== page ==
Can Employers Look at Applicants’ and Employees’ Social Media Accounts?

Some employers have asked job applicants to provide them with social media passwords or to make their posts accessible to them as a condition of the hiring process. Many job applicants have fought back, and some lawmakers have taken action to prohibit the practice.

Maine recently passed a law that prohibits employers from requiring employees or job applicants to provide social media account information or passwords. The law was not passed by the legislature and signed by the governor. It was actually part of a group of 65 bills that Governor Paul LePage tried to veto but could not because the legislature had adjourned. Maine’s Supreme Court ruled that all 65 of the bills were now law.

The Society of Human Resources Management reports that millennials make up 36 percent of the United States workforce and will account for 75 percent of the world’s workforce by 2025. Since this group has grown up using social media, the area is a source of interest and concern for both job applicants and employers.

Several laws are already on the books that act as guidelines for the use of social media in hiring. Employers should not require, coerce, or request that an applicant or employee disclose the password for a private social media account, access a personal social media account in the employer’s presence, or disclose any information related to a personal social media account. An employer also should not require an employee or applicant to add anyone to the list of contacts associated with a personal social media account or change any settings that would affect a third party’s ability to view the content of the social media account.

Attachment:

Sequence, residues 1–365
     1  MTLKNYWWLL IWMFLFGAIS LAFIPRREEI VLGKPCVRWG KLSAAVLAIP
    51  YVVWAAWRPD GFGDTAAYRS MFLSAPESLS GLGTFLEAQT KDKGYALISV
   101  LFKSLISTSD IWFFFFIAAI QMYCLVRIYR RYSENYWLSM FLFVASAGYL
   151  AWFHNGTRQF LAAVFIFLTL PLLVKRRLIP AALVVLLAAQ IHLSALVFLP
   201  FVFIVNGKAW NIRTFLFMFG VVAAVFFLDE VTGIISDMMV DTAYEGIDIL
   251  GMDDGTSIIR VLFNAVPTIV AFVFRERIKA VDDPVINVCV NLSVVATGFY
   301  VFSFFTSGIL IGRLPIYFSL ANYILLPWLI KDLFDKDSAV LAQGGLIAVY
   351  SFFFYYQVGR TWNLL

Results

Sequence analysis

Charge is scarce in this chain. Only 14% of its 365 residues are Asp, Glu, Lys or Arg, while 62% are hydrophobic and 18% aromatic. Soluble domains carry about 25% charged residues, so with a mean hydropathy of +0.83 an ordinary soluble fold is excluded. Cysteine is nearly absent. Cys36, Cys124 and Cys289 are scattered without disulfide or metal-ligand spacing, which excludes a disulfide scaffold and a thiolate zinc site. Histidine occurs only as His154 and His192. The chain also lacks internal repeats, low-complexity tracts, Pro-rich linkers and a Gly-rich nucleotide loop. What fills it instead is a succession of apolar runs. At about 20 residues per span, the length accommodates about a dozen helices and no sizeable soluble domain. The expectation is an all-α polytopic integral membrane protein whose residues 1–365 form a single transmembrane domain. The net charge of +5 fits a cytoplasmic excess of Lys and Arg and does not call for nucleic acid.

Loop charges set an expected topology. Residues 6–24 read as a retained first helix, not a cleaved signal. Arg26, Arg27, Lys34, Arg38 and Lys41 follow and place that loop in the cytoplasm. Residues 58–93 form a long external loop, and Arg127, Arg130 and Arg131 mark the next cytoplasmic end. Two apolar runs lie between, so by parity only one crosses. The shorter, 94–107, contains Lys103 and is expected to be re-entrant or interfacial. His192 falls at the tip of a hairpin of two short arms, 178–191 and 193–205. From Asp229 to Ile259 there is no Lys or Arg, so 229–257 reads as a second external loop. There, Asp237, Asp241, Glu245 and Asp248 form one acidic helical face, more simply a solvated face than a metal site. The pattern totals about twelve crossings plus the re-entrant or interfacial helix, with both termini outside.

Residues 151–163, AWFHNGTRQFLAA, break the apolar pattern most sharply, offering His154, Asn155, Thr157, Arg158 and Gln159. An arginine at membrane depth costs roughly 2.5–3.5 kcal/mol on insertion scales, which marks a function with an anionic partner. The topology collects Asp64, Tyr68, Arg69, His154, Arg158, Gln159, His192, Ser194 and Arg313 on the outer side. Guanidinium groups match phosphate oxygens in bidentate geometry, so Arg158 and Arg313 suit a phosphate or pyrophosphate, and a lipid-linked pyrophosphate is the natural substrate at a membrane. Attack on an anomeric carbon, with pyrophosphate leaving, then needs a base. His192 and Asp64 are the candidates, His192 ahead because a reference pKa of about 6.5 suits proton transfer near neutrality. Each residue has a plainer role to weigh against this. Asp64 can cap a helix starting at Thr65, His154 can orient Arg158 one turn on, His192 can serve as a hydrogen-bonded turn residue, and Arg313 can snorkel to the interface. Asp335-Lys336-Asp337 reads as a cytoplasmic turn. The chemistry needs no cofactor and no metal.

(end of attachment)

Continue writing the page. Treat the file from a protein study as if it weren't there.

Across the country, asking an applicant or employee to provide a social media account password can put an employer in violation of the Federal Stored Communications Act. Other laws may also apply. If an employer uses a third party to conduct social media screening, the company is probably subject to the Fair Credit Reporting Act and applicable state laws. Some state laws prohibit employers from taking adverse action against employees for conduct off-duty, except under certain circumstances.

According to the National Conference of State Legislatures, 21 states have passed laws to discourage employers from requesting or acquiring social media account passwords. Employers cannot terminate or discipline an employee or reject an applicant for refusing to provide prohibited information.